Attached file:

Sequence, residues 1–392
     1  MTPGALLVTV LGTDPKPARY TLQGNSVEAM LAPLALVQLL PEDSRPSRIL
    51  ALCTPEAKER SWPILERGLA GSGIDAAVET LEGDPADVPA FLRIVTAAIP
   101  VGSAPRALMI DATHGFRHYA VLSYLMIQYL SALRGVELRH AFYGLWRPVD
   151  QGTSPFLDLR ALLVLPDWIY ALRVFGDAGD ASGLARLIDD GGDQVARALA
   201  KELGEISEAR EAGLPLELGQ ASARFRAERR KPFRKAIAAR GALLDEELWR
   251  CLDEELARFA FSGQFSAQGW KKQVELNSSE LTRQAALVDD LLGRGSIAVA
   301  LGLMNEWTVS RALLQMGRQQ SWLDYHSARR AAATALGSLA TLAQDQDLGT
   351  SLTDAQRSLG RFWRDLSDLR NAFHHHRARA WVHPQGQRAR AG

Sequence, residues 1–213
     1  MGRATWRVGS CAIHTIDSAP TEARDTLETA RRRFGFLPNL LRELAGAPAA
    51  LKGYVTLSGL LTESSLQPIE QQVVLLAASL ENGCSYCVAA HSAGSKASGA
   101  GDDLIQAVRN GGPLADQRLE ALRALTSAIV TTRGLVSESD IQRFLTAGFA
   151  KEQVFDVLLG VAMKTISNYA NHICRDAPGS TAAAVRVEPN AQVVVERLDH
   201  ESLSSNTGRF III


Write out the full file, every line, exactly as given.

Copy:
Sequence, residues 1–392
     1  MTPGALLVTV LGTDPKPARY TLQGNSVEAM LAPLALVQLL PEDSRPSRIL
    51  ALCTPEAKER SWPILERGLA GSGIDAAVET LEGDPADVPA FLRIVTAAIP
   101  VGSAPRALMI DATHGFRHYA VLSYLMIQYL SALRGVELRH AFYGLWRPVD
   151  QGTSPFLDLR ALLVLPDWIY ALRVFGDAGD ASGLARLIDD GGDQVARALA
   201  KELGEISEAR EAGLPLELGQ ASARFRAERR KPFRKAIAAR GALLDEELWR
   251  CLDEELARFA FSGQFSAQGW KKQVELNSSE LTRQAALVDD LLGRGSIAVA
   301  LGLMNEWTVS RALLQMGRQQ SWLDYHSARR AAATALGSLA TLAQDQDLGT
   351  SLTDAQRSLG RFWRDLSDLR NAFHHHRARA WVHPQGQRAR AG

Sequence, residues 1–213
     1  MGRATWRVGS CAIHTIDSAP TEARDTLETA RRRFGFLPNL LRELAGAPAA
    51  LKGYVTLSGL LTESSLQPIE QQVVLLAASL ENGCSYCVAA HSAGSKASGA
   101  GDDLIQAVRN GGPLADQRLE ALRALTSAIV TTRGLVSESD IQRFLTAGFA
   151  KEQVFDVLLG VAMKTISNYA NHICRDAPGS TAAAVRVEPN AQVVVERLDH
   201  ESLSSNTGRF III